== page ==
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Russell Kirk

Russell Kirk (1918-1994) was the author of some thirty-two books, hundreds of periodical essays, and many short stories. Both Time and Newsweek have described him as one of America’s leading thinkers, and The New York Times acknowledged the scale of his influence when in 1998 it wrote that Kirk’s 1953 book The Conservative Mind “gave American conservatives an identity and a genealogy and catalyzed the postwar movement.”

“Western civilization,” “North Atlantic community,” “the unity of the free world”—such phrases are employed nowadays by our publicists and our politicians so frequently and loosely that, to a good many of us in America, the words have ceased...

Russell Kirk posed as one of the “canons” of conservatism the existence of orders in society. Critics have responded for decades that such a view shows that traditional conservatives are by nature aristocratic in their orientation, that they...
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Of all Russell Kirk’s books, Enemies of the Permanent Things has the oddest history. Its origins were in the Darcy Lectures that Kirk delivered at Alabama College in 1958. Over...
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Let us now see how far the American constitution, both written and unwritten, accords with these principles; and how strongly prepared the American constitutional order may be to withstand powerful challenges in the dawning years.
Russell Kirk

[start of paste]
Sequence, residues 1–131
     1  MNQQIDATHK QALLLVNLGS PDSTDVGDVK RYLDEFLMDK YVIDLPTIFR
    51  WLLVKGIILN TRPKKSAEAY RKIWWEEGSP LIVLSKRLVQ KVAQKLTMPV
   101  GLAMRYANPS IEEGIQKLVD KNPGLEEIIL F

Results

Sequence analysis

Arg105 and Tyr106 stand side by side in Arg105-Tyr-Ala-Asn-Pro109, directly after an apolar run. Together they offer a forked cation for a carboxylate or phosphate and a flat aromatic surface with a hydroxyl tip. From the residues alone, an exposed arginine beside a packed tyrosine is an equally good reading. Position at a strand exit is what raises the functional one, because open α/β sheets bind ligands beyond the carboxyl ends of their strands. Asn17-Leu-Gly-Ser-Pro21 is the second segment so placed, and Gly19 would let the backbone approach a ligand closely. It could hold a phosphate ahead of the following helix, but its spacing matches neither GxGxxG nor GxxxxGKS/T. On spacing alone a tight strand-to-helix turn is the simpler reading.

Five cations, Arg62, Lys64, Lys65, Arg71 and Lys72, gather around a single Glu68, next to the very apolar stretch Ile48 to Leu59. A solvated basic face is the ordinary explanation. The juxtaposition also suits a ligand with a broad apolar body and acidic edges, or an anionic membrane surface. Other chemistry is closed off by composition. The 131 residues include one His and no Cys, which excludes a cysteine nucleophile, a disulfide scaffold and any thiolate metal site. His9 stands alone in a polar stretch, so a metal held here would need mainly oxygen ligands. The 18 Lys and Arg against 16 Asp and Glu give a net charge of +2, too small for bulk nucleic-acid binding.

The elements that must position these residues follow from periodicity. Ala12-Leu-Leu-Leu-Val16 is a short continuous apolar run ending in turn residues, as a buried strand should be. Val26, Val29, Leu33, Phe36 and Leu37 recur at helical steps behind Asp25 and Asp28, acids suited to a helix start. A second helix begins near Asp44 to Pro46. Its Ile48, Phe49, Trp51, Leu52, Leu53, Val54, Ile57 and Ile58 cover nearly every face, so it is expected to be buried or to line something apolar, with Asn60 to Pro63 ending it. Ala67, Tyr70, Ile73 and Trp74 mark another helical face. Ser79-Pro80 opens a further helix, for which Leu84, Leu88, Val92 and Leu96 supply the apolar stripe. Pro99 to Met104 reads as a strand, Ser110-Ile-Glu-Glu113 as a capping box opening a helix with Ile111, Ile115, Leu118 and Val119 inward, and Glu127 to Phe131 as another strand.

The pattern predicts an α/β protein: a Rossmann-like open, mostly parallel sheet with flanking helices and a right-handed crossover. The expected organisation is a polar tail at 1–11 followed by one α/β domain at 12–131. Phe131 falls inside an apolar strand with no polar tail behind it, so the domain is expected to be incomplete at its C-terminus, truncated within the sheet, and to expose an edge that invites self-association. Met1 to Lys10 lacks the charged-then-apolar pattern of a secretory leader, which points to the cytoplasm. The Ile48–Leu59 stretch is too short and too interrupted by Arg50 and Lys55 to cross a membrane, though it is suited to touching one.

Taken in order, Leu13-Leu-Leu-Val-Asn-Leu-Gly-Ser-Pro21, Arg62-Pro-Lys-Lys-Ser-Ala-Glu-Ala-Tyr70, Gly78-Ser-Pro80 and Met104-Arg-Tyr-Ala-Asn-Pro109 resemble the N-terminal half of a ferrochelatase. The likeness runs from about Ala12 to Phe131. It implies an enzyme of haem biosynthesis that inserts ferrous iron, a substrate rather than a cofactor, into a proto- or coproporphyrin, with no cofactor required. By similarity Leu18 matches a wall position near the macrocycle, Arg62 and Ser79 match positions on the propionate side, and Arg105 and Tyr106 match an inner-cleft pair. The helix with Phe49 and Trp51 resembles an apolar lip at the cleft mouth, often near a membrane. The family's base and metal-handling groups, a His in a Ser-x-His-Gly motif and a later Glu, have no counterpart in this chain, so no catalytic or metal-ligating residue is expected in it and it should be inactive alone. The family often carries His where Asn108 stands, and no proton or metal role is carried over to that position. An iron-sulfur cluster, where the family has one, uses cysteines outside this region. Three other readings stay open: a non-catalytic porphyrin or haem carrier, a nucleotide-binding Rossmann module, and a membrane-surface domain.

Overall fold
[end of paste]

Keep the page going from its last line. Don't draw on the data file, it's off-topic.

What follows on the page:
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Today’s offering in our Timeless Essay series affords readers the opportunity to join Ted McAllister as he examines Russell Kirk's The Conservative Mind. Dr. Kirk reminds us that not only ought we to be fighting over ideas but we ought to be shaping hearts. —W. Winston Elliott III, Publisher
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"We are at the beginning of great troubles.” Once upon a time, it was the assumption of most of the people in the world that the fundamental constitutions of their society would endure to the...
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Beauty is truth, truth beauty,—that is all Ye know on earth, and all ye need to know. —Keats, “Ode on a Grecian Urn” These famous lines of Keats have charmed and delighted readers for two centuries, but skeptics...

Today’s offering in our Timeless Essay series affords readers the opportunity to join Russell Kirk as he reflects on Edmund Burke's understanding of the American Revolution. —W. Winston Elliott III, Publisher Was the American War of Independence a revolution?...
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Edmund Burke: A Genius Reconsidered by Russell Kirk (ISI Books, 2009, 2nd edition). Russell Kirk's book on Edmund Burke, first published in 1967, now revised and hand­somely re-issued, testifies not only
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Neoconservatives have garnered a fair amount of media coverage in recent weeks for their determination to keep on with the #nevertrump fight. Bill Kristol, editor of The Weekly Standard and son of neoconservative founder Irving Kristol, has been...
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Is there such a thing as a Christian polity? T.S. Eliot raised the right questions about such matters, on the eve of the Second World War, and offered some answers; but,...
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For the conservative, the real end of economic production is to raise man above the savage level, to make possible the leisure which sustains civilization, and to free man from the condition...
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Politics being the art of the possible, I venture to suggest here the general lineaments of the kind of government which seems reasonably consonant with true human happiness. I think that in this problem we need...
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Like many of you, I am sure, my first encounter with the term “the moral imagination” came through reading Russell Kirk. In an attempt to make better sense of...